Transactions on Additive Manufacturing Meets Medicine
Vol 1 No 1 (2019): Trans. AMMM
https://doi.org/10.18416/AMMM.2019.1909S10T03

Material Properties, Structural Designs, and Printing Technologies

Measuring surface-connected porosity of complete 3d printed structures using a custom pycnometer

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Kevin Aroom (Robert E. Fischell Institute for Biomedical Devices, University of Maryland, College Park Maryland, USA), Linnea Warburton (Robert E. Fischell Institute for Biomedical Devices, University of Maryland, College Park Maryland, USA), William Bentley (Robert E. Fischell Institute for Biomedical Devices, University of Maryland, College Park Maryland, USA), Lester Schultheis (Robert E. Fischell Institute for Biomedical Devices, University of Maryland, College Park Maryland, USA and Center for Excellence in Regulatory Science and Innovation, University of Maryland, College Park Maryland, USA)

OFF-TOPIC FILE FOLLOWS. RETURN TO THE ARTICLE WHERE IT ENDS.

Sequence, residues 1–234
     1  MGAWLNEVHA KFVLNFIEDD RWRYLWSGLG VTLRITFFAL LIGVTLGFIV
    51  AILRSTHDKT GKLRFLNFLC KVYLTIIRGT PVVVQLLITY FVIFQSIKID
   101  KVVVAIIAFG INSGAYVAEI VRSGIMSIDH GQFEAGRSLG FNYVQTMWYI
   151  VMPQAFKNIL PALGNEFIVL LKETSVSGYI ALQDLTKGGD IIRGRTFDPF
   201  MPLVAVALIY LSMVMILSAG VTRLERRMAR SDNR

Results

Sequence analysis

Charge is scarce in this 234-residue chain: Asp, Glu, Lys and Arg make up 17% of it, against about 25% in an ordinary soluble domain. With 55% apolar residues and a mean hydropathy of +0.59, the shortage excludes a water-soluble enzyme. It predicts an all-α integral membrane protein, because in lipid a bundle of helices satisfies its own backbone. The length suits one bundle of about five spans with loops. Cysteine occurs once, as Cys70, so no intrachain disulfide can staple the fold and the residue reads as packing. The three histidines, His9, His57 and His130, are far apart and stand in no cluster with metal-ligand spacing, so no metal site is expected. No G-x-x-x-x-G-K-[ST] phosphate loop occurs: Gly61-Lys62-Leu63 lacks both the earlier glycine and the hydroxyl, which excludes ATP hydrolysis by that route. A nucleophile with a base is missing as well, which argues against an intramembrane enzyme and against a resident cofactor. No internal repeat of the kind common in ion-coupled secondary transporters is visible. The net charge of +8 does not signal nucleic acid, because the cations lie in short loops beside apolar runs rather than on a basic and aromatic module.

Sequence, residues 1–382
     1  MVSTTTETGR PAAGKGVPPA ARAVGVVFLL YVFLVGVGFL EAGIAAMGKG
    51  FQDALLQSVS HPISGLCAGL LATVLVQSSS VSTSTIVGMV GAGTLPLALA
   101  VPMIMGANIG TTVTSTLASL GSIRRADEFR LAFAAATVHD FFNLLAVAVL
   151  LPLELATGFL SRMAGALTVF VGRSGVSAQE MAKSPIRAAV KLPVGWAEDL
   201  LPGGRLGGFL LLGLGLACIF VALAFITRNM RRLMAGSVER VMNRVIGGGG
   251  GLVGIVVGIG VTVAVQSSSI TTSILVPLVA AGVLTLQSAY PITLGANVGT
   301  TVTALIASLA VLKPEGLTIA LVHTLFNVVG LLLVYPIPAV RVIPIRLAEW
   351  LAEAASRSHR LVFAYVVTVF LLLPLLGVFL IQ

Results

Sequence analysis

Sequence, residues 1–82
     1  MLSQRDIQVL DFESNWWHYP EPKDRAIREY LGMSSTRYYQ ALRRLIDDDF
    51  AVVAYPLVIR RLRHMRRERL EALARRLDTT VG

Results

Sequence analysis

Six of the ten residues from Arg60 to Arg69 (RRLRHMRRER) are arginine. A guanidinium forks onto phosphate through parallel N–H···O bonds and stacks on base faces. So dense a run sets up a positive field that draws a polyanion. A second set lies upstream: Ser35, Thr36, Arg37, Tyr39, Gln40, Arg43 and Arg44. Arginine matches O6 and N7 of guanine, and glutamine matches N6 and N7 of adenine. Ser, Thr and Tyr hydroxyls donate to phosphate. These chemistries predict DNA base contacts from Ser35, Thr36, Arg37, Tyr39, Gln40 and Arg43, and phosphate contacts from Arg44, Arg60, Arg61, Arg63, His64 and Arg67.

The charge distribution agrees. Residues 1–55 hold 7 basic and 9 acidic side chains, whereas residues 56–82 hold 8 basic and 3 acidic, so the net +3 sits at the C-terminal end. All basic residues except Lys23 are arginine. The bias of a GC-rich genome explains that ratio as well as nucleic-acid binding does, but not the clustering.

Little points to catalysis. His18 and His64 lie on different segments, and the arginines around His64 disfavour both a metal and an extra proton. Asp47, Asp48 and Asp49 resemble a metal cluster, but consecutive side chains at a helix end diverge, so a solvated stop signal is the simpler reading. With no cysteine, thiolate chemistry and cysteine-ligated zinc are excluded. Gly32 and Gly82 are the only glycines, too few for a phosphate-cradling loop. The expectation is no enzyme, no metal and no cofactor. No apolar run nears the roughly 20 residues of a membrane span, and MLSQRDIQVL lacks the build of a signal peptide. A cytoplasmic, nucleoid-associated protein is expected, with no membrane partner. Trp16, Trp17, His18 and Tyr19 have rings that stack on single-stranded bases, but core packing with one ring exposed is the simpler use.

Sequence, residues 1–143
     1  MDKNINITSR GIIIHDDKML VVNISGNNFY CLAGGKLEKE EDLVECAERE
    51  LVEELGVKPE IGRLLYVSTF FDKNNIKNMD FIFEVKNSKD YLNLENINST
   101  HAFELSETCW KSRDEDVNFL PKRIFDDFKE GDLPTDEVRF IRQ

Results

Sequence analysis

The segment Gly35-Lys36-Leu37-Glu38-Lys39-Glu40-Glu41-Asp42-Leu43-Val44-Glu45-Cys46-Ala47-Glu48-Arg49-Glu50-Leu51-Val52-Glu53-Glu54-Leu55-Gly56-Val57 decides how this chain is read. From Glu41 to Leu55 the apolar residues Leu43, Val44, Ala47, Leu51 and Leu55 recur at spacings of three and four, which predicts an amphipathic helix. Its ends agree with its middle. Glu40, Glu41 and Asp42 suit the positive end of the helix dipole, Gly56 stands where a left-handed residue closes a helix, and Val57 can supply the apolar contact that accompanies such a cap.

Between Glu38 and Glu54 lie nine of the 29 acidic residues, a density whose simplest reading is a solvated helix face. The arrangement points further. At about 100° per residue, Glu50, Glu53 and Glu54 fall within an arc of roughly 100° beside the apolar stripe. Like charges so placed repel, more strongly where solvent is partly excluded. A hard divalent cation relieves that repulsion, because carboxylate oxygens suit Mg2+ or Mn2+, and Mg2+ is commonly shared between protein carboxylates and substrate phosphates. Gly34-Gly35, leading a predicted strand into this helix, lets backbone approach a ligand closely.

Abstract

3D Printed (3DP) medical parts are continuing to be adopted for a variety of uses. Part quality is a continuing concern, with one aspect being cleanliness and the ability to be effectively cleaned. Porosity is a property that makes cleaning more difficult. A method of using pycnometry is described to measure porosity in complete 3DP parts. Pycnometry uses changes in volume and pressure to calculate the volume of a sample. The system is able to identify small variations in sample volume, and could be used to compare the actual part volume with the expected volume.

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